NTSB Identification: WPR09LA125
14 CFR Part 91: General Aviation
Accident occurred Sunday, February 22, 2009 in Cave Creek, AZ
Probable Cause Approval Date: 05/12/2009
Aircraft: EUROCOPTER AS 350 B2, registration: N353P
Injuries: 3 Uninjured.
NTSB investigators may not have traveled in support of this investigation and used data provided by various sources to prepare this aircraft accident report.
During a night time positioning flight to a traffic accident to pick up a patient, the pilot obtained landing zone information by radio from first responders. The first responders informed the pilot that there were numerous obstructions surrounding the dirt parking lot landing zone. The pilot performed an aerial reconnaissance of the parking lot to visually identify obstacles and asked ground personnel if the landing area had been watered down. The ground personnel replied that the landing area was not wetted down; however, it "looked damp." The pilot proceeded to initiate his approach to the dirt parking lot and observed dust starting to circulate around the helicopter. Shortly after, the pilot encountered a brownout about 15 to 20 feet above ground level (agl). He then reduced power in an effort to land quicker and reduce the dust volume. As the helicopter descended through about 10 feet agl, the pilot lost visual reference through his night vision goggles due to lights from adjacent emergency service vehicles. The pilot attempted to look outside through the windows underneath his NVGs as he slightly adjusted the collective. Subsequently, the helicopter landed hard, adjacent to an office building and fire truck, forward and to the left of the pilot's original intended landing area. Examination of the helicopter revealed that the tail boom and fuselage were structurally damaged.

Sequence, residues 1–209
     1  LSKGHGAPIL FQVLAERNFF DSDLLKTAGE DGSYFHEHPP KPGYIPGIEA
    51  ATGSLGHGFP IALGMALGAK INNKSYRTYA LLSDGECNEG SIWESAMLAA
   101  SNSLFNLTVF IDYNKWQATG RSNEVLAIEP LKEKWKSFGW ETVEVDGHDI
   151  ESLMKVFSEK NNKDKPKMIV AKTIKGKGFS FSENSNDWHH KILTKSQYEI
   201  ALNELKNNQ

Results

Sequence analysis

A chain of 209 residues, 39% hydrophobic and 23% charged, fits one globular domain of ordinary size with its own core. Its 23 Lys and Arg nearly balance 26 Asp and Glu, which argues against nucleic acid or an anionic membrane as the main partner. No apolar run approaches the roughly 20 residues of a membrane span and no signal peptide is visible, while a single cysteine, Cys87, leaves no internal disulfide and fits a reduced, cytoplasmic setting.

The National Transportation Safety Board determines the probable cause(s) of this accident to be: The pilot's misjudged landing flare. Contributing to the accident was the brownout condition created by the dust cloud that interfered with the pilot's perception of proximity to the ground, and the glare interference from the parked fire vehicles headlights with the pilot's night vision goggles. Full narrative available
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